Austin singer-songwriter/musician Bob Schneider is performing at Blueberry Hill's Duck Room tonight, Wednesday, March 24. To go along with this appearance, we're running an exclusive excerpt from author Steve Almond's new book, Rock and Roll Will Save Your Life, which Random House will publish next month. Part one was published on Monday, part two was published on Tuesday and part three is published below.
A Kingdom of One It was time, as they say in Reality TV, to take this bromance to the next level. Or at least to Bob's studio. He led me out past a small pool with leaves in it, to a shack inside of which were more instruments than I've ever seen in one place: guitars, banjos, mandolins, a baritone ukulele, what was either a xylophone or a marimba (Bob wasn't sure), an ancient Wurlitzer that made a mysterious buzzing noise, a small drum kit in the center of the room, a baby grand piano. The room's lone chair was surrounded by banks of synthesizers, mixing boards, and computer monitors. It looked like where a starship captain would sit. And Bob was, in a sense, a starship captain. Using this equipment, he could record, edit, and mix songs all by himself.
The studio doubled as the HQ of his record label Shockorama, on which he's released a dozen records in the past decade. In fact, he'd meant to release Fuck All You Motherfuckers months ago, but it was still sitting on his hard drive, along with hundreds of other unreleased songs. (The rumor was that Bob sometimes wrote a song per day.)
It will sound hokey, but I honestly felt like I was standing in a holy place. I had 559 Bob songs in my iTunes library. I had listened to his music for entire days at a time and thought about him, in some capacity, every day for the past five years. I recognized the chance that we would run off together was extremely low, but I also believed -- and I think Drooling Fanatics cannot help themselves in this regard -- that I understood Bob in a way nobody else on earth did, that we were soulmates and though he didn't know this yet he had a secret message to impart. This is perhaps the most annoying aspect of Fanaticism, from the musician's point of view. They owe us nothing beyond their songs, but we keep hounding them for more.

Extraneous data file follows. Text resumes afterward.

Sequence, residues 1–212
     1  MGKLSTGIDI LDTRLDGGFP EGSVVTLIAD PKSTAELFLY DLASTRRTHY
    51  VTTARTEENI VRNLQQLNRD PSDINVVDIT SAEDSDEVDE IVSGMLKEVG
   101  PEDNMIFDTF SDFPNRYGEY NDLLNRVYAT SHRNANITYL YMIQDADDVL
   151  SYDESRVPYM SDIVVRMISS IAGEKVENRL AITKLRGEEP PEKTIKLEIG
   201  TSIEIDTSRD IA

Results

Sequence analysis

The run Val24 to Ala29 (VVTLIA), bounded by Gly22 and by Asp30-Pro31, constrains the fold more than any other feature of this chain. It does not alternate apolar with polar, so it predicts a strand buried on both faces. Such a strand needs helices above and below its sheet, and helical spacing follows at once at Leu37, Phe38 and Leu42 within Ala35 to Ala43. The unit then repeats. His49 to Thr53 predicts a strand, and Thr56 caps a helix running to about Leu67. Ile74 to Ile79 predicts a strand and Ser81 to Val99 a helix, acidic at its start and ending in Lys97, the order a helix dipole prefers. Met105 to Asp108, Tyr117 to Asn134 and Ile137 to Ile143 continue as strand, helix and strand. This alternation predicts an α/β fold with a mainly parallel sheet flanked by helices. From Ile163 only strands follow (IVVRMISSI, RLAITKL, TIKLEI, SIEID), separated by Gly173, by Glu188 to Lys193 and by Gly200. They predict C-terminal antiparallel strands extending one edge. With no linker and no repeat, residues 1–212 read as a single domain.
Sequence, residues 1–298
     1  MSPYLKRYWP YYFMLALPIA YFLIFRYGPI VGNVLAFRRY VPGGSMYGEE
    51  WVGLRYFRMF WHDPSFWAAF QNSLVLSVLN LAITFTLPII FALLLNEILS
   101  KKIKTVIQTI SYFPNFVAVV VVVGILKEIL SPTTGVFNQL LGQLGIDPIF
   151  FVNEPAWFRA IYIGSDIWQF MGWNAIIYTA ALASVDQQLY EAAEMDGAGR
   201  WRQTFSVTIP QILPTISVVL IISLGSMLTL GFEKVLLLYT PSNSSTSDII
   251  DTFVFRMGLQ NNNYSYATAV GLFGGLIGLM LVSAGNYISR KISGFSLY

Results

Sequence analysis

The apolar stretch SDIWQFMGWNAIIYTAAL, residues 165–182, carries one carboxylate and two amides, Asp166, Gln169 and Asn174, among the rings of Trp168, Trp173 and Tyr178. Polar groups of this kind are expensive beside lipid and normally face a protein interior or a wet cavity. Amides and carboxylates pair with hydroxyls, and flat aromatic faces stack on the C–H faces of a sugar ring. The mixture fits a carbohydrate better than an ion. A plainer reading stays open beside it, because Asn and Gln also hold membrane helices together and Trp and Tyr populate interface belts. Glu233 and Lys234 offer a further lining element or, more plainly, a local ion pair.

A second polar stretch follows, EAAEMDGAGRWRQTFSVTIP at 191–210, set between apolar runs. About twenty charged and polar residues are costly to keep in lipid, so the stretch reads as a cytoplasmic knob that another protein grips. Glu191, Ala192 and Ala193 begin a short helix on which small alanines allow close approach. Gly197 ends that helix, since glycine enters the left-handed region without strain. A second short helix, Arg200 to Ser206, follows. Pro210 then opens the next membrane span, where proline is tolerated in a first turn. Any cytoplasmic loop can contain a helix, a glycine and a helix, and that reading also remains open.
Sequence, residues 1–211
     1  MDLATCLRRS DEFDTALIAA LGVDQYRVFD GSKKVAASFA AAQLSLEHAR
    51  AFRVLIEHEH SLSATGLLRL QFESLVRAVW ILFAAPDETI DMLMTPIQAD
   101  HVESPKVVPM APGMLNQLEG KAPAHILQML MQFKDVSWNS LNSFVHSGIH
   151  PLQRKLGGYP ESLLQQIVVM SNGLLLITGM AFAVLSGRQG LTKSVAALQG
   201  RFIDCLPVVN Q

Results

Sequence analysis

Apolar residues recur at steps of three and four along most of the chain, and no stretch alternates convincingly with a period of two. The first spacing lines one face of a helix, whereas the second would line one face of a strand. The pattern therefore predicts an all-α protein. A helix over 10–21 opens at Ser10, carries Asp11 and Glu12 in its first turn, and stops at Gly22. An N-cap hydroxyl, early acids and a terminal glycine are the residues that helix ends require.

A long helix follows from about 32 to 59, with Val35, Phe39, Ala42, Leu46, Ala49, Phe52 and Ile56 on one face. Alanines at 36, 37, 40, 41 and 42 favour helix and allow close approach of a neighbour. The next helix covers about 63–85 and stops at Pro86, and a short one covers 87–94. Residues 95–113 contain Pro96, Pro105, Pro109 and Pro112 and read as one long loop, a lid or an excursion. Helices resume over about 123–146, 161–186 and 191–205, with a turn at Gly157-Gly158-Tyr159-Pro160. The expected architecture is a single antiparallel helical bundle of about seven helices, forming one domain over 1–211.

"How do you do it?" I asked. "How do you write so many totally ass-kicking songs?"
Bob replied that it wasn't really him, it was his unconscious, he was just plugging into it, like you might plug a fork into an outlet. "There's this weird thing that happens with songwriting," he went on. "When you first start doing it you're just doing your best with whatever comes into your head, but after a while you get this idea about what's good or bad and you start doing this approximation of what you think you should be doing and the only solution I've come up with is just to keep my standards low."
Yes, I wanted to cry out, that's it! You, Bob Schneider, have just identified the fundamental crisis (and resolution) of the creative process. Might I now briefly stroke your big beefy man hand?
Subscribe now to get the latest news delivered right to your inbox.